Phenology brings the reality of global warming into the garden
Appeared on Space For Nature on 14th March 2004
Phenology is the study of the times of recurring natural phenomena. A network of over 13,000 phenologists across Britain is throwing light on the effects of global warming.
The Woodland Trust in association with the The British Association for the Advancement of Science and the Centre of Hydrology and Ecology organises the amateur recorders. Anyone can take part - a good way to find out more is to visit the website Natures Calendar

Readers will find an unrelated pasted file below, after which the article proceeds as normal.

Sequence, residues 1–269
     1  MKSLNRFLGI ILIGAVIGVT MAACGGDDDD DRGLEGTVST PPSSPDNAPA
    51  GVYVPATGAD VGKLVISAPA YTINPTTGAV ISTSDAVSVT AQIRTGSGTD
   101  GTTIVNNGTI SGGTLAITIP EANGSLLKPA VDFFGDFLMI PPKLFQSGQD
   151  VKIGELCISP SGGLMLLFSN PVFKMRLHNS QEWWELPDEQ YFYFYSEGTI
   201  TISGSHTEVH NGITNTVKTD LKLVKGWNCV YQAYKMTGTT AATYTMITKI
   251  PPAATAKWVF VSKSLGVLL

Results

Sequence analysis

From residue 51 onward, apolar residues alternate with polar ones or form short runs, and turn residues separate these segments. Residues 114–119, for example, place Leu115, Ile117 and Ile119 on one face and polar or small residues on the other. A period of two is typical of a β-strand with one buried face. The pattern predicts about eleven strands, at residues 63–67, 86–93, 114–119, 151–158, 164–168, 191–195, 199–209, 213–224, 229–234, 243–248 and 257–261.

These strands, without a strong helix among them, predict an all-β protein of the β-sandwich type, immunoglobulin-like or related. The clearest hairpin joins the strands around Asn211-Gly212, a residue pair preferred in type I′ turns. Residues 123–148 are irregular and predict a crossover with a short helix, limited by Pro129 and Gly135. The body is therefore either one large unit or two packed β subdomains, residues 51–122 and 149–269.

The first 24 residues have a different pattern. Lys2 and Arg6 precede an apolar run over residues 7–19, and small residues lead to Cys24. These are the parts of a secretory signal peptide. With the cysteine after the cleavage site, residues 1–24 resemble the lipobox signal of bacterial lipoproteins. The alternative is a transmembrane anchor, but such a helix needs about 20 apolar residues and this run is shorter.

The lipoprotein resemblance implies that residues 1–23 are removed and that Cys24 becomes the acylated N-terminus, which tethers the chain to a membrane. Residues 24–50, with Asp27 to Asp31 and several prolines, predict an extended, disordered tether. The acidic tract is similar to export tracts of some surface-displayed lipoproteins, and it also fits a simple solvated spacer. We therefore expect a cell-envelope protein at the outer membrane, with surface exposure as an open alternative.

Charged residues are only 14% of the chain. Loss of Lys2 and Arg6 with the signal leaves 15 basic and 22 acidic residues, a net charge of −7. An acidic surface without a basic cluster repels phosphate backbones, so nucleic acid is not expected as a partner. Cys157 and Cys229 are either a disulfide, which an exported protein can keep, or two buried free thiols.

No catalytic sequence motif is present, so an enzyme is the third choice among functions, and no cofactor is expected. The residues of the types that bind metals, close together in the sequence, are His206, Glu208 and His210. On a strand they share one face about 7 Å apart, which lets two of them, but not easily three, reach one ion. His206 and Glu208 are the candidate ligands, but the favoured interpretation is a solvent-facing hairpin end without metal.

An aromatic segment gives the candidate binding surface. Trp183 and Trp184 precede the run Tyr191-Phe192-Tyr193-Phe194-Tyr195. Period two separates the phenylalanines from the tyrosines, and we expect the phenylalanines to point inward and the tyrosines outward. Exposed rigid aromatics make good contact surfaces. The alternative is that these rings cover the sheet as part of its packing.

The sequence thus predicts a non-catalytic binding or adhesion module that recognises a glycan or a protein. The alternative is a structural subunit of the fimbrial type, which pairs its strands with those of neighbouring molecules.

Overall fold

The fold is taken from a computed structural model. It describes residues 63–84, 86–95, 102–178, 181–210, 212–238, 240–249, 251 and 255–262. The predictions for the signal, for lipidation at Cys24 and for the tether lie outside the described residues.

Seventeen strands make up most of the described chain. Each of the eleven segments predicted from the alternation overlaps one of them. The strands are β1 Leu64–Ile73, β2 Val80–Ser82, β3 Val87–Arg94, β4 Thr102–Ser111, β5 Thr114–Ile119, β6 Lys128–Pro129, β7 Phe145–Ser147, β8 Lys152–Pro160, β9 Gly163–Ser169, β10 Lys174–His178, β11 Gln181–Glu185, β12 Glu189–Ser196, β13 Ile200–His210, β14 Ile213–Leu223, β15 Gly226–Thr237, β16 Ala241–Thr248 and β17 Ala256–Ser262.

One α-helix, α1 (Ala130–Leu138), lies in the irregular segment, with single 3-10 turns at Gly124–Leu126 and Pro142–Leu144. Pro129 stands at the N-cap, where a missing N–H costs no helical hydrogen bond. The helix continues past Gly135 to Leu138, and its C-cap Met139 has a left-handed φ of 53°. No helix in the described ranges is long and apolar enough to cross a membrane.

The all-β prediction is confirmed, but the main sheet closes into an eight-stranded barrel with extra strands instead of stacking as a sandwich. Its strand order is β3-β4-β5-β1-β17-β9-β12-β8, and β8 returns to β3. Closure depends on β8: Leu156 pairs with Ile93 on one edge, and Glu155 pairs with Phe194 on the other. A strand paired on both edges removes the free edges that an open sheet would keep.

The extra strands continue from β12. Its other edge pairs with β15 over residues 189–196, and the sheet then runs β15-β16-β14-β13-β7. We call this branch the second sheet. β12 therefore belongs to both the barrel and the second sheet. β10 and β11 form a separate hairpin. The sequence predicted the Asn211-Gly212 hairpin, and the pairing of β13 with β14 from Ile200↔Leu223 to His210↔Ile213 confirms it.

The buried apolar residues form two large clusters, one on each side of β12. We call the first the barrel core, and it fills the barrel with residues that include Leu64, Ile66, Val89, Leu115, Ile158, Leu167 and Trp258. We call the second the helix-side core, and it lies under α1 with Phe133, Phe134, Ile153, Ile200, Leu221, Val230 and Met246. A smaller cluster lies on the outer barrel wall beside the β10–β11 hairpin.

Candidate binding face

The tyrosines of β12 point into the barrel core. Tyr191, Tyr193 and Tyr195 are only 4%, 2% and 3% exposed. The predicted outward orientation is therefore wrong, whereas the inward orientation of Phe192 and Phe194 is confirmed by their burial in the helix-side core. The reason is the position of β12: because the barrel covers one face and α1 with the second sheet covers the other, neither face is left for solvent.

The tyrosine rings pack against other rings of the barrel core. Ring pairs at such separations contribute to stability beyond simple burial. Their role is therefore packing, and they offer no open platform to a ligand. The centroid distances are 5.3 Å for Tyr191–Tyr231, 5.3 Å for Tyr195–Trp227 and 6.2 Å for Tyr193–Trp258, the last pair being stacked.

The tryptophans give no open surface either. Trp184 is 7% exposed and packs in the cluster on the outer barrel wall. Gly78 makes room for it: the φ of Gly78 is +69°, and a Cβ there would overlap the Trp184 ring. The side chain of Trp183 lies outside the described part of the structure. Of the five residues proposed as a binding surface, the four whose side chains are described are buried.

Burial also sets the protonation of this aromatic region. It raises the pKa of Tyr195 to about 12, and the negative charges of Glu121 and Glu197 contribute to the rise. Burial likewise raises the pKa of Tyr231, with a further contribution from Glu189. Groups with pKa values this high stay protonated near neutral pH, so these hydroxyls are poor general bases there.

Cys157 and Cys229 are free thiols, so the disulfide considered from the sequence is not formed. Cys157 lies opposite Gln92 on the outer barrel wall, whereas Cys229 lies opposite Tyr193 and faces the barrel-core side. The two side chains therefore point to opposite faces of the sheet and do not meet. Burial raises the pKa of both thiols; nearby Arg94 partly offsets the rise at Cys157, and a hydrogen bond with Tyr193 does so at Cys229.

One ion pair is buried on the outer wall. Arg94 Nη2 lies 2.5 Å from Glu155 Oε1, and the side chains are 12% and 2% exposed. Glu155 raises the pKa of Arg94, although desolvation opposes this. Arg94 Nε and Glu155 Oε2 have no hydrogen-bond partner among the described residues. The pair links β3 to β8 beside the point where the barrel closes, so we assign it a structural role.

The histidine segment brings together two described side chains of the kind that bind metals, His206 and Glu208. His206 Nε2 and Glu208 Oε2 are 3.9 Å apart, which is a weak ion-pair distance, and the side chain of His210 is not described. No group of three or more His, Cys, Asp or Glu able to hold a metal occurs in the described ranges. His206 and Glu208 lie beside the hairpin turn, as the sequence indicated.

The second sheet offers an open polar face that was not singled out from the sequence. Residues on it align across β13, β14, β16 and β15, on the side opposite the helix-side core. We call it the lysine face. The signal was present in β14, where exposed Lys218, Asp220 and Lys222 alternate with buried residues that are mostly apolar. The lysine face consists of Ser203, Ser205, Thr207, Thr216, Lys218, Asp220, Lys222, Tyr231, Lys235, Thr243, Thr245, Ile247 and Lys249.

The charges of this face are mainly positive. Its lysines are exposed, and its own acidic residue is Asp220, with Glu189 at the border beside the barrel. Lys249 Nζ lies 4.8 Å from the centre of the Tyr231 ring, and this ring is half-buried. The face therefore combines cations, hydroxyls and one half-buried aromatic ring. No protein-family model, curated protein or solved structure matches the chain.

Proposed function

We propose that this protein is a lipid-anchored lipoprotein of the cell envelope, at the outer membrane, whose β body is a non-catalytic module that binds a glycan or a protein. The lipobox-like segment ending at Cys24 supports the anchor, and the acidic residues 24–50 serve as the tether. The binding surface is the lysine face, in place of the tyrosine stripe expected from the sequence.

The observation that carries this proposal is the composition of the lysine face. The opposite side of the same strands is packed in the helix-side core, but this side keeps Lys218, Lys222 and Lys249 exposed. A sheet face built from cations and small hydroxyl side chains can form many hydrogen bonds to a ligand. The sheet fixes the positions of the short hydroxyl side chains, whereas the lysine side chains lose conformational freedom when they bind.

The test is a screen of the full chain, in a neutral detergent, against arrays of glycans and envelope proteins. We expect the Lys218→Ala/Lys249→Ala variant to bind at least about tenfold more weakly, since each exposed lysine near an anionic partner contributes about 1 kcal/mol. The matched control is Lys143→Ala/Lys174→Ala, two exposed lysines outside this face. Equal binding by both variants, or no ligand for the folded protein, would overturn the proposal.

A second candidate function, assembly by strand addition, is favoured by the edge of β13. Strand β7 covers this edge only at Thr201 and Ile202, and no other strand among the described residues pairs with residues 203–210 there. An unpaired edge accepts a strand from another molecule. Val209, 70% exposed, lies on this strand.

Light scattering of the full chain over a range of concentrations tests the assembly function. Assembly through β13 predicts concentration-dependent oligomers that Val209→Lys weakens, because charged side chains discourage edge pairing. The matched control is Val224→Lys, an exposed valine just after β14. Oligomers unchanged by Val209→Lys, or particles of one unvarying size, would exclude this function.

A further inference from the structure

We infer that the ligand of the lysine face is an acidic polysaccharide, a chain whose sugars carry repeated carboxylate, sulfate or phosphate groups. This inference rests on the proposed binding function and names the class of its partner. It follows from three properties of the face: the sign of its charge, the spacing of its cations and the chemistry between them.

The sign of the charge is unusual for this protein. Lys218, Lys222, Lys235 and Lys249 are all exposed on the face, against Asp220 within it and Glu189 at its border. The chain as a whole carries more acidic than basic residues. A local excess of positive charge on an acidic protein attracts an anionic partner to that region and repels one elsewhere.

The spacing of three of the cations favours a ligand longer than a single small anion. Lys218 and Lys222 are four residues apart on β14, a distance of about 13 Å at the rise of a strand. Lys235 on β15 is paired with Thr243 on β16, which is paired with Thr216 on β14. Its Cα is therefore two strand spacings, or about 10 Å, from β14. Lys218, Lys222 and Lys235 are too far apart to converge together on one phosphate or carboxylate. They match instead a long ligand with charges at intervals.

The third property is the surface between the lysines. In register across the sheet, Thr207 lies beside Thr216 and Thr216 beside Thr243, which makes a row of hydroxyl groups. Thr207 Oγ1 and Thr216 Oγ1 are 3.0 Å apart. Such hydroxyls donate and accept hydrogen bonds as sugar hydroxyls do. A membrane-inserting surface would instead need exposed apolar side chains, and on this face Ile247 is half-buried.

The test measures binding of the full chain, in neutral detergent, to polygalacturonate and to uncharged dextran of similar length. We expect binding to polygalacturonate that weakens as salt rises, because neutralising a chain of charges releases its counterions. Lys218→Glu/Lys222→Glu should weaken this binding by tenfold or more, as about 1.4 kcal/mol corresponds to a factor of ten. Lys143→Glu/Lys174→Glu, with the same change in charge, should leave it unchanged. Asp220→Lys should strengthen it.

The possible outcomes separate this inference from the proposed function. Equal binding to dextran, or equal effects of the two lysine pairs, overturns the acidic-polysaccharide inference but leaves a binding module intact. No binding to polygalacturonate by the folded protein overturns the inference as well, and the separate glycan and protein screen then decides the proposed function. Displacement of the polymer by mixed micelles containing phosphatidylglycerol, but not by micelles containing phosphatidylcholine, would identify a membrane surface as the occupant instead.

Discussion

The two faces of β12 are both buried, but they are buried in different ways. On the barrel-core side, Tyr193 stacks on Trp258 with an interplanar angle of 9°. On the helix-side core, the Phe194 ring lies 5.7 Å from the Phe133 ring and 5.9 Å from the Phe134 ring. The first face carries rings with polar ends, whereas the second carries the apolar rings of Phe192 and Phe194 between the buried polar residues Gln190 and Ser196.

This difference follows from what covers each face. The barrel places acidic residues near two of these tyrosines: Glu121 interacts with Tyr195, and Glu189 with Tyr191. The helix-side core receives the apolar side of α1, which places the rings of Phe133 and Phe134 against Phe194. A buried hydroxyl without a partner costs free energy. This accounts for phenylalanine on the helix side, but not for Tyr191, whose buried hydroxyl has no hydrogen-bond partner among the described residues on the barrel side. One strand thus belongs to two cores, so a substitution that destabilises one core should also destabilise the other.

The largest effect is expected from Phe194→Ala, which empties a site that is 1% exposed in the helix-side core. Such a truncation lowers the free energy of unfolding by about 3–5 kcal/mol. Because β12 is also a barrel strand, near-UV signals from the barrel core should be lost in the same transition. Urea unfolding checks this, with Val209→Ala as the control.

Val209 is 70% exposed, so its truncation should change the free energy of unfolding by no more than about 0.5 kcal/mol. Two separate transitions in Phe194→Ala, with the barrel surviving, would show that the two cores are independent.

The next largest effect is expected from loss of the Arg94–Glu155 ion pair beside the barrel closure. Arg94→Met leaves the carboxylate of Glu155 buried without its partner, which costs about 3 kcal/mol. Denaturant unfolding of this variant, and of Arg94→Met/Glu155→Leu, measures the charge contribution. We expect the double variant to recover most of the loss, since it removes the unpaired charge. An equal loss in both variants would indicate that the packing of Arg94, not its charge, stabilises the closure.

Jill Attenborough of the Woodland Trust has explained how the effects climate change can be very evident in the garden. A recent example was the exceptionally mild early spring weather inducing many frogs to spawn early, only to have their spawn killed by ice when the weather returned to type during some very cold snaps, ruining the breeding attempts of those frogs for a whole year. Ms Attenborough went on to say "It is a stark example of the wonderful thing about monitoring the science of spring and having people of all ages trying to do it wherever they are. It brings climate change into your garden and people can see for themselves the impact it is having on nature."
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